Varian said he knew nothing about it when he interviewed the Doyles.

Another elevator operator from the Dursts’ building, Rafael Prado, testified Tuesday that he remembered the events of Jan. 31, 1982, the day Kathie Durst went missing, “clear like today,” given all the attention by the police and media.

He testified about his interactions with the Dursts and recalled Kathie as the friendlier of the pair, whom he rarely saw together.

When they were together, they were “walking and talking, but not like you see real husband and wife,” Prado said.

Los Angeles Superior Court Judge Mark E. Windham began the hearing by saying he intended to rule by the end of the week on the issue of whether Durst waived his attorney-client privilege, as it pertains to evidence collected from upstate New York, Houston and New Orleans.

Windham said he would not rule on the admissibility of Durst’s New Orleans jailhouse interview with Deputy District Attorney John Lewin, saying it could wait until trial, despite a prosecution claim that it was the basis for slanderous public statements made by the defense.   “I’ve had it with the allegations — either put up or shut up,” Lewin said, telling the judge he was filing a motion for sanctions against the defense team.

Lewin, bristling at accusations of misconduct, asked the court to rule that there has been “no violation of Sixth Amendment rights … no violation of Miranda, no misconduct whatsoever.”

The defense accused the prosecutor of taking things too personally.

Mr. Lewin thinks this case is about him and not about Mr. Durst,” defense attorney David Chesnoff said. “Nobody here is doing anything but trying to help Mr. Durst defend himself.”

No ruling was immediately made.

Durst was arrested March 14, 2015, in a New Orleans hotel room, hours before the airing of the final episode of the HBO documentary series “The Jinx: The Life and Deaths of Robert Durst,” which examined the disappearance of his wife in 1982 and the killings of Berman and Morris Black, who was killed in 2001 and was a neighbor of Durst in Texas.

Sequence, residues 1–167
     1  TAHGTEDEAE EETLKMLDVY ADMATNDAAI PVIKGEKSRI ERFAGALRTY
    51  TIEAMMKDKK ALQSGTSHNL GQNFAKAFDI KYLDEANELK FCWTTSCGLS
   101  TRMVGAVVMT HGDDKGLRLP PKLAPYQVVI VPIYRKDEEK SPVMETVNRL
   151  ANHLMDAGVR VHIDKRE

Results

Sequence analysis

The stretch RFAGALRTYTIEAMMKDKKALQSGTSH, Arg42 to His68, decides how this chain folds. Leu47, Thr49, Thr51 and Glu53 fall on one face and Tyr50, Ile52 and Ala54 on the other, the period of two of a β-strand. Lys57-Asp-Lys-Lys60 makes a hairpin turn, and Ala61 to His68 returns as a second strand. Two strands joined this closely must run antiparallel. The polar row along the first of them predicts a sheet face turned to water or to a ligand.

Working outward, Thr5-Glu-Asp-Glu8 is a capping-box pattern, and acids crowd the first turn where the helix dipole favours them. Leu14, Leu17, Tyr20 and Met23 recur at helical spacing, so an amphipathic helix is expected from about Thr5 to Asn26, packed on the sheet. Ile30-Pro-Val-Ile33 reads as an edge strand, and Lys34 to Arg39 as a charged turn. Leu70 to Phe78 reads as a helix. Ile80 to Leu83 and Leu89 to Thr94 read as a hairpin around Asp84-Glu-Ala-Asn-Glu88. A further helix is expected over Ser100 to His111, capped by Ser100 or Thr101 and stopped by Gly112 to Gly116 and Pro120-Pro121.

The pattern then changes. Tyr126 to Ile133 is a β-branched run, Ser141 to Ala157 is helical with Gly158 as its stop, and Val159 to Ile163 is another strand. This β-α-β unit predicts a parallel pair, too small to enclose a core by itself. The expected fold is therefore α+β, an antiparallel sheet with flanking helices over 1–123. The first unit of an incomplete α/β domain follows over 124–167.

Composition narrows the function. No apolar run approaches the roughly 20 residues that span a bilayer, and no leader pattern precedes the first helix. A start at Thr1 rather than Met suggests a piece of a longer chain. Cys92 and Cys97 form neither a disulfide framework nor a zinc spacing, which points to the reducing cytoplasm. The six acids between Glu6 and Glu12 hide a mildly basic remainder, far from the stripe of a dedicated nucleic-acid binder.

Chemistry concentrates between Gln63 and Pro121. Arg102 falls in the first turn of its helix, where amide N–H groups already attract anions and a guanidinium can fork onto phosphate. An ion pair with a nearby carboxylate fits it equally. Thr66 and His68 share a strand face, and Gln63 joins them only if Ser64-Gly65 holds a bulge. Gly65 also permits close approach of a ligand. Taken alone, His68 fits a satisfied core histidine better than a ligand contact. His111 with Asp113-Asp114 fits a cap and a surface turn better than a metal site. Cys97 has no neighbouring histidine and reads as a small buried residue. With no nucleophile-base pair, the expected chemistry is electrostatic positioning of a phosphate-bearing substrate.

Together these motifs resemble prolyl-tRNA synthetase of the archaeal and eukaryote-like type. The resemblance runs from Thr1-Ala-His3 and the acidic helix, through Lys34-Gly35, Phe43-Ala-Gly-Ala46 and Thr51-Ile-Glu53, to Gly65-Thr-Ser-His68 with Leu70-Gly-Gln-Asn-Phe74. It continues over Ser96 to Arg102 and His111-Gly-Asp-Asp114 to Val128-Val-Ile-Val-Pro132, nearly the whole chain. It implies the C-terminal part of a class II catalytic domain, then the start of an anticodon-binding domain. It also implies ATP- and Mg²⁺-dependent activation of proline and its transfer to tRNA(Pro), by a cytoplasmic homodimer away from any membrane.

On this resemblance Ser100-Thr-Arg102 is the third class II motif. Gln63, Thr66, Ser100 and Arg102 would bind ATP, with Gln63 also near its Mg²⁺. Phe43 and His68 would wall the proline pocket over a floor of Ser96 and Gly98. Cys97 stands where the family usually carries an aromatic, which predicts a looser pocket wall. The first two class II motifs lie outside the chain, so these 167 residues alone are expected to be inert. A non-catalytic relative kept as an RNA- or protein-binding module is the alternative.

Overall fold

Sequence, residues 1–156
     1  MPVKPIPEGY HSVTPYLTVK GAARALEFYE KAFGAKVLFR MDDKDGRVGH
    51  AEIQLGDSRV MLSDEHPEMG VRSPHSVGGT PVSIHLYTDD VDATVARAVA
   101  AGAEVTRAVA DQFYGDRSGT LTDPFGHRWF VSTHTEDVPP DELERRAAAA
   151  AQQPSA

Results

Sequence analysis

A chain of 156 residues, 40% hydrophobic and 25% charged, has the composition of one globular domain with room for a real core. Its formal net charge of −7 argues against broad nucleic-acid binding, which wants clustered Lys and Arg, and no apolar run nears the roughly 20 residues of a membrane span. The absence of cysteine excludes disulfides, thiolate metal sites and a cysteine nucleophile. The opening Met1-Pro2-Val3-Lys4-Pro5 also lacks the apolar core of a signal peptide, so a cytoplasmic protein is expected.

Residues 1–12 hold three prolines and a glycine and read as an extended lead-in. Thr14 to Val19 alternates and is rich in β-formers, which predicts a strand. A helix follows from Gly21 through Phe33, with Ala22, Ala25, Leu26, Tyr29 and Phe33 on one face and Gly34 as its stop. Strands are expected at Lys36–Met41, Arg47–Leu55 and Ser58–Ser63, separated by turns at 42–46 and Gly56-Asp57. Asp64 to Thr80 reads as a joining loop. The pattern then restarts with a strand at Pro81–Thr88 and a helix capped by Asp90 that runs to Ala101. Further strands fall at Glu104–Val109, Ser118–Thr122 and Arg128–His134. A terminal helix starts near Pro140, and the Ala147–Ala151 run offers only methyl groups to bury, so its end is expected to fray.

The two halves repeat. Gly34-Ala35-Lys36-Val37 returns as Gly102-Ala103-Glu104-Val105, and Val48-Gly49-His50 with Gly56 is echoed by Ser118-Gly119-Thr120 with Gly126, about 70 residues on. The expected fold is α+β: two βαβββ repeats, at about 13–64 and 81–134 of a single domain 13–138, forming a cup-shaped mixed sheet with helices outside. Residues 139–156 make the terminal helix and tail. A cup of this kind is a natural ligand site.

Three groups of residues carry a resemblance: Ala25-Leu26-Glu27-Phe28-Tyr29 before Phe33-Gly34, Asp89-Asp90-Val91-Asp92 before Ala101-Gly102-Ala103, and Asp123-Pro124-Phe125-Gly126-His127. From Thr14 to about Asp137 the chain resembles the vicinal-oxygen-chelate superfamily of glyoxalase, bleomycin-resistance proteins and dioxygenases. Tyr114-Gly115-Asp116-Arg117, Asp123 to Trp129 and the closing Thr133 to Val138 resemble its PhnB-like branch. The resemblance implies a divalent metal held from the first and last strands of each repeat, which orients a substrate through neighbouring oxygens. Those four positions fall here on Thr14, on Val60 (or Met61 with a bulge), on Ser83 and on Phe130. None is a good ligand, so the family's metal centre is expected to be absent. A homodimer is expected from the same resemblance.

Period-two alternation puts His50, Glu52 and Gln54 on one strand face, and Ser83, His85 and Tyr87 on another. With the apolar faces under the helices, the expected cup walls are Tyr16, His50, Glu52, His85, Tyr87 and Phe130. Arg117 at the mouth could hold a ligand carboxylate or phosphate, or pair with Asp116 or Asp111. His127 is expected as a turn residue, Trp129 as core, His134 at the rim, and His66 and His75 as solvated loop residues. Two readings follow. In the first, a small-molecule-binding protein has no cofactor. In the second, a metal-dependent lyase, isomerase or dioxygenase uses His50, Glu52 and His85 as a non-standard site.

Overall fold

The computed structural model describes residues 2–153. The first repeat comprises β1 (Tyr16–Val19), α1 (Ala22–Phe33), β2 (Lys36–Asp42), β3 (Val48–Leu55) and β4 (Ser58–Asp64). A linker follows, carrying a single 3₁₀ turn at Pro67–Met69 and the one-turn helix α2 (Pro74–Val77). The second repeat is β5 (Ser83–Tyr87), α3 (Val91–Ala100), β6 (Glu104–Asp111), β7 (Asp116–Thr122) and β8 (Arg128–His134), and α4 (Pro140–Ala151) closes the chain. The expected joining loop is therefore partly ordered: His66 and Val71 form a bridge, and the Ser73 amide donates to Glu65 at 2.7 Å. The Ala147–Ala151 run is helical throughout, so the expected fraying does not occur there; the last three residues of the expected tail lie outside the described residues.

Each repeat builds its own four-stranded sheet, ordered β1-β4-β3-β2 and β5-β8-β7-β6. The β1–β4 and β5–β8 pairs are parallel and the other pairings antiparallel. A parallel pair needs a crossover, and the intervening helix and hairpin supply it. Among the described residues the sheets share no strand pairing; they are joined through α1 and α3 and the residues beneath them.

On the documentary series finale, which aired the day after his arrest, Durst was caught on microphone saying to himself, “Killed them all, of course.” He also was caught on microphone saying, “There it is, you’re caught,” and “What a disaster.”

During the jailhouse interview with Lewin, Durst said he was “on meth” while the documentary was being filmed and that he didn’t heed his attorneys’ advice not to be interviewed for the series.

He has been long estranged from his real-estate-rich family, known for ownership of a series of New York City skyscrapers — including an investment in the World Trade Center. Durst split with the family when his younger brother was placed in charge of the family business, leading to a drawn-out legal battle.

According to various media reports, Durst ultimately reached a settlement under which the family paid him $60 million to $65 million.

— City News Service